He would be driving it up to a car rally in Salinas, California accompanied by his mechanic Rolf Wuentherich. Hickman would follow driving Dean’s Ford station wagon with a trailer for the Porsche. Photographer Sanford Roth would ride with Hickman. Dean loved his log cabin home for which he was paying $250 a month, plus utilities. He was fond of Nicco, loved to eat at the Villa Capri and Googies on Sunset and Crescent Heights. Now he would enter his new car in a race—life was good. The Porsche had met with disapproval by several of Dean’s friends.

George Barris had warned him not to buy the car. Alec Guinness had said, “If you drive that car, you’ll be dead in a week!” Now Dean got behind the wheel, Rolf in the passenger seat and they rolled down to Ventura Boulevard to fill the tank. Coincidentally he stopped at the same gas station where the Manson Family would one day stop at to wash the blood off their hands after they murdered Sharon Tate.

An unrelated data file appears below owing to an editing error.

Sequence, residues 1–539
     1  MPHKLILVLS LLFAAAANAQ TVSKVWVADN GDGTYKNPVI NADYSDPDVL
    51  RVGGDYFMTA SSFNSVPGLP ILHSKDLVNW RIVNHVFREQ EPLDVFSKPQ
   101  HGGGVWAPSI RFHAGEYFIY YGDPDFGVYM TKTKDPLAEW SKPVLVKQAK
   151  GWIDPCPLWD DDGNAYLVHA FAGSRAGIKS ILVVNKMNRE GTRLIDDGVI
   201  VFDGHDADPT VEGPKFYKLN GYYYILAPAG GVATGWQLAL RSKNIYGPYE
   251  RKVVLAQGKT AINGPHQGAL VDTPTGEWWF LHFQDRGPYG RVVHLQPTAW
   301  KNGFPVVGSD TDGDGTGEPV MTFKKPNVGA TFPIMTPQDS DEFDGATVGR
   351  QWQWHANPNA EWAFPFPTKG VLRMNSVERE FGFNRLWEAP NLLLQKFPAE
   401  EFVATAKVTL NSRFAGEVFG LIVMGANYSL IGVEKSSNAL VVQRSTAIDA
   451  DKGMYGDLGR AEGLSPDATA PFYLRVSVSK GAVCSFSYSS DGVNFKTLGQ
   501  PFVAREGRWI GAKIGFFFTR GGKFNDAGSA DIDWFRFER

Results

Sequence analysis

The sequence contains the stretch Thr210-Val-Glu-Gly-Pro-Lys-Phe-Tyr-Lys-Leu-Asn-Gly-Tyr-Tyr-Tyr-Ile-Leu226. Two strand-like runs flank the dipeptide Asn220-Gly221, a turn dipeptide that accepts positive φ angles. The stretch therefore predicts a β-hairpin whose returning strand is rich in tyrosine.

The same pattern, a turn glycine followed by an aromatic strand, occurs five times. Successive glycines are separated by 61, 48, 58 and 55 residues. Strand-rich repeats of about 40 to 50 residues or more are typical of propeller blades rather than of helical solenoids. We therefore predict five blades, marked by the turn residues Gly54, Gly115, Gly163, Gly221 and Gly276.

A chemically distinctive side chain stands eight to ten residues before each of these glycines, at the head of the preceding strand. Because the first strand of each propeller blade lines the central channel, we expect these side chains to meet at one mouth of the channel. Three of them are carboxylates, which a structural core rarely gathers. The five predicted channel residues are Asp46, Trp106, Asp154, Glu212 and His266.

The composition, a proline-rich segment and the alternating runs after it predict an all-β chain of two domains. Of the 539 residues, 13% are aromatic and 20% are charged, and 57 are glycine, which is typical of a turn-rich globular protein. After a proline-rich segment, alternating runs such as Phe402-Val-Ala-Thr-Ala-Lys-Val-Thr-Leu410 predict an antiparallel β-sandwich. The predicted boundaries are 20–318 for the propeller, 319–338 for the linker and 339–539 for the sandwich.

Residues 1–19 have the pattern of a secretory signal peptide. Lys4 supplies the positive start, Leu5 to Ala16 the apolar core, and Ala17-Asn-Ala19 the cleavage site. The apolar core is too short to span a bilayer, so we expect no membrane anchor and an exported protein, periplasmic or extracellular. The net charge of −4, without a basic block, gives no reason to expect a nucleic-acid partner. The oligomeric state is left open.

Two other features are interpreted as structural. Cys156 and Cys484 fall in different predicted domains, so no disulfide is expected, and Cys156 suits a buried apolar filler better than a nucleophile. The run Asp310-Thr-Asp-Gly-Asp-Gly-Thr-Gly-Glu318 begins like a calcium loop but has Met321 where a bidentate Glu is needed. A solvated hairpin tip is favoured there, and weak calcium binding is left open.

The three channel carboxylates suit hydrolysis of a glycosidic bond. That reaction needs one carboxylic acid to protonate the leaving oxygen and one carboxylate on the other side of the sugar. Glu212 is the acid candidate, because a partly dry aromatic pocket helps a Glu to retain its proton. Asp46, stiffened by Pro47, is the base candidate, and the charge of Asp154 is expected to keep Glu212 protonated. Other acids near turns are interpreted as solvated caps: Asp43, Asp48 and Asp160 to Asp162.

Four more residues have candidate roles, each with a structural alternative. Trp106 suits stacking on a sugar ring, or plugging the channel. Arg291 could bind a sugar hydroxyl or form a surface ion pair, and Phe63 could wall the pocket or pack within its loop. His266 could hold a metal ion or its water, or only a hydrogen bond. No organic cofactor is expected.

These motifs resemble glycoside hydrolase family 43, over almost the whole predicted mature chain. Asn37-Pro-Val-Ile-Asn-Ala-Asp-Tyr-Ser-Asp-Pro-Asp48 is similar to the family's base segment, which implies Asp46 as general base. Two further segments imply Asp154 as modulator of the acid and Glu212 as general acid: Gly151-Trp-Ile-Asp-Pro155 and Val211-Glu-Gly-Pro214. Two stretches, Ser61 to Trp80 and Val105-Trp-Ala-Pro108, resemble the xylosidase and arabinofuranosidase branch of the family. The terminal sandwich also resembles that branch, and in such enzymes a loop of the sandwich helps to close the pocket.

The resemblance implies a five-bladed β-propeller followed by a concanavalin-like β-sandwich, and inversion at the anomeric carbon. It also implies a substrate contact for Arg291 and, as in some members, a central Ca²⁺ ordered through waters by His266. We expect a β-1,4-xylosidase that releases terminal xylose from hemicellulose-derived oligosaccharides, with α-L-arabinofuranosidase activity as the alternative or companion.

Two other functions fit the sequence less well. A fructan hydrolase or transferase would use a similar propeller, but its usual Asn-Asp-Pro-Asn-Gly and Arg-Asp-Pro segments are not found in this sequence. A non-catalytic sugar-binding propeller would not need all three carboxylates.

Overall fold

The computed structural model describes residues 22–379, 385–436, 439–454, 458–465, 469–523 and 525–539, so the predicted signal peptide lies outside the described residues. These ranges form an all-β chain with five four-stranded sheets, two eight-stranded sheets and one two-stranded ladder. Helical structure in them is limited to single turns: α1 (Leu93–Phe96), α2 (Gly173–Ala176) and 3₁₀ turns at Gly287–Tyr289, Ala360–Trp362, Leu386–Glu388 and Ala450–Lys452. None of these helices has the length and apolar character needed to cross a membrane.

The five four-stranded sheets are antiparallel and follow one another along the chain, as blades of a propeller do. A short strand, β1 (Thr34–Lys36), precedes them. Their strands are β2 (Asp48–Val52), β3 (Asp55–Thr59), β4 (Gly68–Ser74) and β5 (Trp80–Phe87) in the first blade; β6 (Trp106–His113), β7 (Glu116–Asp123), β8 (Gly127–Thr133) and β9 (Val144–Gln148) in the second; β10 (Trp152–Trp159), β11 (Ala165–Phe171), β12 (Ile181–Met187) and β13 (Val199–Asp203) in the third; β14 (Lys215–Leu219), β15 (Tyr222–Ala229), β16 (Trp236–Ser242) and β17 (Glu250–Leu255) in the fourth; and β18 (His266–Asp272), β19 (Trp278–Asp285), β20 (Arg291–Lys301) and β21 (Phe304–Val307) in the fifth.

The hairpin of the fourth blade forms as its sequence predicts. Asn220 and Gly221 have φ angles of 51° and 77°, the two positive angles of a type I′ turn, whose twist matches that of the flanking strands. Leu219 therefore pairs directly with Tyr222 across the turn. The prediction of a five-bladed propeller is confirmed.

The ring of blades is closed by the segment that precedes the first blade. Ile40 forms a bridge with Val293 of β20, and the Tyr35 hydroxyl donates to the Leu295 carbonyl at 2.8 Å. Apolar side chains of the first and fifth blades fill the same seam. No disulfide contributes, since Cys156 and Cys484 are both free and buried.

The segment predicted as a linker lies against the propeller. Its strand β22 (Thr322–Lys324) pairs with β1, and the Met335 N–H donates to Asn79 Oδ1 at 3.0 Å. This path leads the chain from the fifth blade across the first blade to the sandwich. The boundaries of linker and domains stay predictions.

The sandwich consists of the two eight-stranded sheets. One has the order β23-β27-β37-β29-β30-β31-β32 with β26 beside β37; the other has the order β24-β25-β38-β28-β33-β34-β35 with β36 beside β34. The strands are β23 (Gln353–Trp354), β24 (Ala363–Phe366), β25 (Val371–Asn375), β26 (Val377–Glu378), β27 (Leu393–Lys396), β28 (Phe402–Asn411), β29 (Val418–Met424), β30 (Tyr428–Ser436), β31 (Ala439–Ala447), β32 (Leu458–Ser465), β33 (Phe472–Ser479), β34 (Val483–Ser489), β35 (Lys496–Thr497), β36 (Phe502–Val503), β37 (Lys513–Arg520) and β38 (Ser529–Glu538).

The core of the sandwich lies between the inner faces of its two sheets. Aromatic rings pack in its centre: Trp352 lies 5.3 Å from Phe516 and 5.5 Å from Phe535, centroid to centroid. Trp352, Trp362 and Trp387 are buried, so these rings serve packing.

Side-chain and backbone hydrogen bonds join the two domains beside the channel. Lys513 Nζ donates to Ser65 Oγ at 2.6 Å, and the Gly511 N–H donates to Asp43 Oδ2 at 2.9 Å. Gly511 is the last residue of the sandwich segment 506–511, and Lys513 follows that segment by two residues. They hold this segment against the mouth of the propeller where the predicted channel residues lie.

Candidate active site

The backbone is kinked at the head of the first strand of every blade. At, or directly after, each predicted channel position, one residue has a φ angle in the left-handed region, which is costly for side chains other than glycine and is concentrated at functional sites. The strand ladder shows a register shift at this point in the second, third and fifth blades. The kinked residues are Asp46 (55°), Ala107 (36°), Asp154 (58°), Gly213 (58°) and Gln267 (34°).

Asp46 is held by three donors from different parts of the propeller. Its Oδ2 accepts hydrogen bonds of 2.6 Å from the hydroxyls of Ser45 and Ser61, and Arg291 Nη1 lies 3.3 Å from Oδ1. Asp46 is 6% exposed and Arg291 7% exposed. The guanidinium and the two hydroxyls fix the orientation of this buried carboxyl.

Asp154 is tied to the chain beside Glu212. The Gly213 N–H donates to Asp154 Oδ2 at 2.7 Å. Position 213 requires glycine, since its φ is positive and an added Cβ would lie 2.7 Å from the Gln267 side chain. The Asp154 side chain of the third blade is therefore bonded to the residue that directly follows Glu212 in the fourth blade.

James Dean had been stopped and ticketed for speeding on SR 46 as he traveled westbound. Twenty-three year old Donald Turnupspeed was traveling east on the opposite stretch of highway and had pulled out to make a left turn onto Highway 41 when he saw the Porsche coming at him at an extremely high rate of speed. There was a head-on collision. James Dean was killed on impact while the others suffered injuries.

The car had a history all its own. Although it had been severely damaged, a garage owner wanted to buy it for its historical value. As it was being loaded on a towing platform it rolled backwards, breaking the legs of a mechanic who was helping to load